Linked by Eugenia Loli on Tue 15th Nov 2005 00:39 UTC, submitted by Mikael Elf
OS/2 and eComStation Serenity Systems offers a promotional price for eComStation 1.2 until the last of November. This will include a one year software subscription. The subscription implies also that you can participate in the betaprogram for version 2.0 and includes the version 2.0 GA release after betatesting is done.
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Actually, I don't miss the point, at least completely.

As a long-time OS/2 user myself (13 years this past August) and eCS user since the 1.0 release, I'm very much aware of IBM's ownership of the core platform, and I'm also aware of the potentially complex IP issues involved with OS/2, Microsoft, etc.

Because of this, I understand (or at least appreciate) SSI's limitations, and I don't have a problem with Serenity's actions in any way -- if anything, SSI has exceeded my expections in several respects with their eCS offering. Bob might be an ex-IBMer, but he's also a magician. The current eCS LiveCD proves this! :-)

No -- I'm questioning IBM's apparent lack of business sense when it comes to marketing their own platforms.

Just because a platform is being actively deemphasized doesn't mean it can't make more money for the company on its way out.

As a desktop and server platform, Sun's Solaris has been as "business-oriented" as they come over the years, and yet Sun has provided a free download copy of their OS (both Sparc and x86 versions) for several years, with the specific target being hobbyists and software developers.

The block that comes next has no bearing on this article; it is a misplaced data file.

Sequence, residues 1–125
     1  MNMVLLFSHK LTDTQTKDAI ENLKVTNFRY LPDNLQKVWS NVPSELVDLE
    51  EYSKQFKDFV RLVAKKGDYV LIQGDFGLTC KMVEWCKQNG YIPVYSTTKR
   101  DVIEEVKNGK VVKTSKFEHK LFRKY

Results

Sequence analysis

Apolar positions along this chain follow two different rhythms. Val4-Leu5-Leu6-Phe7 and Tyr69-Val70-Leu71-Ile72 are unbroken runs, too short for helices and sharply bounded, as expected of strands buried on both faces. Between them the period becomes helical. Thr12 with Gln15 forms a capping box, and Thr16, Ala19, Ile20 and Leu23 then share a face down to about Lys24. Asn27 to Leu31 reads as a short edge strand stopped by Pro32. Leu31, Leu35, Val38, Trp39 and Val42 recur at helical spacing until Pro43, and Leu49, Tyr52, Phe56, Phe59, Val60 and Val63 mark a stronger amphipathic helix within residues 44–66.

This is largely unrelated to their recent OpenSolaris initiative; the full commercial proprietary versions of Solaris 2.6, 7, 8, 9, and 10 were all made available in that manner, and that was one of the main reasons I became interested in Solaris back in the 2.6 days.

The fact that IBM has actually authorized SSI to create adn release a LiveCD version of eComStation indicates (to me) that there exists some element within IBM that realizes that there is still some value in exposing new customers to the platform.

I see this as a positive sign, but it's only a start.

Linux is penetrating the enterprise not through formal channels, but by percolating informally from the bottom up through the efforts and actions of individuals who have been exposed to the platform and who recognize the value it can provide to their organization.

IBM is now quite involved in the Linux space, and they have often been the direct beneficiaries of this type of covert introduction, so they should appreciate the value of bottom-up product penetration.

OS/2 days are numbered. I think we all know this. The simple fact that it's a proprietary platform available in binary-only form practically ensures its eventual demise.

However, at the current time it still has value. It still has capabities on the desktop which Linux lacks, it still has a large selection of software which it can easily support, and it still has the potential to be a money maker for IBM -- but only if IBM will let it.

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